The topic came up when we drove past a beautifully landscaped cemetery. “How would you like to spend eternity there?” H.E. asked.
I shrugged and made a face. “So long as during the part of eternity I’m spending there, I’m dead.”
H.E. laughed. “Are you trying to do a Woody Allen?”
“Woody Allen? What did he say?”
“I don’t know. Something like, ‘I’m not afraid to die. I just don’t want to be there when it happens.'”
“Hell, yeah. I wouldn’t want to be there either.”
“Do you want to be buried or cremated?”
“What does it matter? I’ll be dead. I don’t think it’ll matter to me either way. Whichever’s cheapest, I guess.”
“That would be cremation.”
“Fine. I’ll be cremated.”
“You don’t want a headstone and a plot? What if I wanted to bring the two Japanese girls by and leave you flowers?” H.E. always jokes about the two Japanese girls. When I’m not around, he has them come by, and they give him foot rubs. He calls them Left and Right.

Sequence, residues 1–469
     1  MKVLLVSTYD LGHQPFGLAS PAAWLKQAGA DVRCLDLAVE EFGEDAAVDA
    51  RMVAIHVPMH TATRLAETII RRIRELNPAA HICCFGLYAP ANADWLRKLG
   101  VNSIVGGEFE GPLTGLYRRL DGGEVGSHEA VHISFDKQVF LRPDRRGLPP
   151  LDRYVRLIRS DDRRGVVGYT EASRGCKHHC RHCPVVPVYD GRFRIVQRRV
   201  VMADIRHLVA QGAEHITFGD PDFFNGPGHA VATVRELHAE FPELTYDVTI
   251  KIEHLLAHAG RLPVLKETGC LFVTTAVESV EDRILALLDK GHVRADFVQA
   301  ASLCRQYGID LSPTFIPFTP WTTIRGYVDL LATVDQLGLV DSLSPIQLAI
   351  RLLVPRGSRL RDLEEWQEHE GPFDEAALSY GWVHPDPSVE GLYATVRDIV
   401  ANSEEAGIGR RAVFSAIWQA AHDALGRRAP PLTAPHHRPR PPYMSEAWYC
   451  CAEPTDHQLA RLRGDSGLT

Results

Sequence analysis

“Fine,” I said. “Whatever you or the girls want. But I suppose I could be cremated and still have a headstone somewhere. They’re just ashes anyway. You can do what you want with them.”
“What if I wanted to take all of your ashes and have them made into a pumice stone to use in the shower?”
“Wouldn’t that fall apart?”
H.E. laughed and shook his head. “You always do that.”
“I’ll say something totally off the wall, and you’ll make it even more off the wall by adding some kind of qualifier to it.”
“I don’t do that.”
“Yes, you do. I’ll say something like, ‘I need to drive through an elephant’s rectum in a Volvo,’ and you’ll say something like, ‘But is that going to fit?'”
I pulled back a little to look at him strangely, with an eyebrow arched. “Nuh-uh,” I said.
“Uh-huh,” he said.
I stared at him a while longer, before I finally leaned back in my seat with a sigh, defeated. Truth be told, he had me at “elephant’s rectum.”
I could totally spend eternity having conversations like this.Share this post: